Yesterday, we looked at the depth of sin and its consequences in Genesis 6:5-13. So today its time for some good news! I’d like to find it in that same passage of Scripture:
8But Noah found favor in the eyes of the Lord. 9These are the generations of Noah. Noah was a righteous man, blameless in his generation. Noah walked with God. 10And Noah had three sons, Shem, Ham, and Japheth.
Noah is described as: finding favor in the eyes of the Lord, righteous, blameless in his generation, and walking with God. Let’s look briefly at each one of these descriptors.
FINDING FAVOR IN THE EYES OF THE LORD
Some versions of Scripture translate verse 8 as finding “grace” in the eyes of the Lord, which is perhaps a more accurate translation. After all, the only way that people can be saved from God’s wrath is through God’s grace. This is the first time the word “grace” occurs in Scripture, and it’s in the midst of the utter sinfulness of Genesis 6! Some define grace as “divine unmerited favor.” In fact, in Hebrew, “grace” comes from a root meaning “to bend or stoop,” which implies that grace means the unmerited or condescending favor of a superior person “stooping down” to an inferior. Noah is not described as the perfect person, but one on whom God has bestowed His favor. Why did God do this? Because Noah was righteous.
Throughout Scripture, it is made clear that the only way to be righteous before God is through faith. The author of Hebrews tells us “And without faith it is impossible to please Him, for whoever would draw near to God must believe that He exists and that He rewards those who seek Him” (11:6) He then immediately gives an example of such faith in the next verse: “By faith Noah, being warned by God concerning events as yet unseen, in reverent fear constructed an ark for the saving of his household” (11:7). Noah was righteous before God because he had faith in God. Yet this wasn’t merely an inward faith, because Noah is also described as blameless in his generation.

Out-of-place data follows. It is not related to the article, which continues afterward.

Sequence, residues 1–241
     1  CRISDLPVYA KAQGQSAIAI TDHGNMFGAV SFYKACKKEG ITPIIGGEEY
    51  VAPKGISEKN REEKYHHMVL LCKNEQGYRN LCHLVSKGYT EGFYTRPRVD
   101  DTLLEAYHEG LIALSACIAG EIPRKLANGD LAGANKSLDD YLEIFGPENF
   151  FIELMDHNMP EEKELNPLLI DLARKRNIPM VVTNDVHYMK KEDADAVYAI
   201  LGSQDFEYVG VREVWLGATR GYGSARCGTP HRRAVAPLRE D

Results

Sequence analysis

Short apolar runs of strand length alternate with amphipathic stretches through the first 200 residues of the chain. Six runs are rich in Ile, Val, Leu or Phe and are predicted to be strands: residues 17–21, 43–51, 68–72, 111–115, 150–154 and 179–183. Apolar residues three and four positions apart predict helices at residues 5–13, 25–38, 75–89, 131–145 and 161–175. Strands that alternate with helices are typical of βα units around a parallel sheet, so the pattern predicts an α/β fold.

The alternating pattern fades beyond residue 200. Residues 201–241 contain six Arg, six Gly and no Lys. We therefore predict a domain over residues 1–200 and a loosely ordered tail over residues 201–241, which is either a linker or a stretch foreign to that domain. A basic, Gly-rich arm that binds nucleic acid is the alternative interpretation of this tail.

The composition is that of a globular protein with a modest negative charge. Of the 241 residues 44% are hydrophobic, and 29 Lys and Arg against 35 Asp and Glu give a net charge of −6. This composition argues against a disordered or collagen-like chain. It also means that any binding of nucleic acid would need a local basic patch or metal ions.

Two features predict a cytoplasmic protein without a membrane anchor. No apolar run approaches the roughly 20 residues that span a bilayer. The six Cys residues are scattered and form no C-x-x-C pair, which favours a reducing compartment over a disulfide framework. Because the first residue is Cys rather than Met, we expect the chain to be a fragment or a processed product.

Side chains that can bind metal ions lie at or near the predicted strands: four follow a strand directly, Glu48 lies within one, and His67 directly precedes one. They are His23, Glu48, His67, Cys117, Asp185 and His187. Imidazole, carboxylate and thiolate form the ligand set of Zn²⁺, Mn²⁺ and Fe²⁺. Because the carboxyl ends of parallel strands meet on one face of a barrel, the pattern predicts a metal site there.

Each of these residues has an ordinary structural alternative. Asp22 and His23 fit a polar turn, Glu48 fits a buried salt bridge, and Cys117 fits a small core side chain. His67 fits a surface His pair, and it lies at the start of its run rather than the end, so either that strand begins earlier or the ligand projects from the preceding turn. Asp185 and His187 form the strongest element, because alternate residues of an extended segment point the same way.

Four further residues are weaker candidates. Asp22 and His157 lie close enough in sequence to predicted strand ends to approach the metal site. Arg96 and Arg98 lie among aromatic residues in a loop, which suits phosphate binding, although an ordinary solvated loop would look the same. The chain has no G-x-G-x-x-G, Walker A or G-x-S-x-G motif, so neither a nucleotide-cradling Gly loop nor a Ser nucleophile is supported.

BLAMELESS IN HIS GENERATION
Note that the scripture does not say that Noah was blameless. No one is blameless before God—all have sinned and fallen short of His glory. But, Noah is described as blameless compared to those around Him (“in his generation”). The world has gotten so bad and sinful, that Noah, who would later get so drunk that he passed out, was considered blameless compared to them. Yet, despite Noah’s sin, he would be faithful to God. After all, he was willing to risk building a giant boat in the middle of dry land, in a world that had never before experienced rain—all because God said so. He certainly demonstrated faith while preaching to the people around him and having them reject his offer of salvation.
WALKED WITH GOD
Compared to the people around him, its easy for one to say that Noah alone walked with God. Noah communed with God. Noah listened to God. And God used Noah to do an incredible thing. As we will learn more about next week, God used Noah and the Ark as a picture of the redemption that would one day come through Jesus Christ.
My prayer is that our church would be filled with Noah’s—people who find favor in the eyes of the Lord, not because of our own righteous deeds, but through faith in Jesus Christ who alone can make us righteous before God, and lead us to live blameless lives in our community, as we daily walk with Him.
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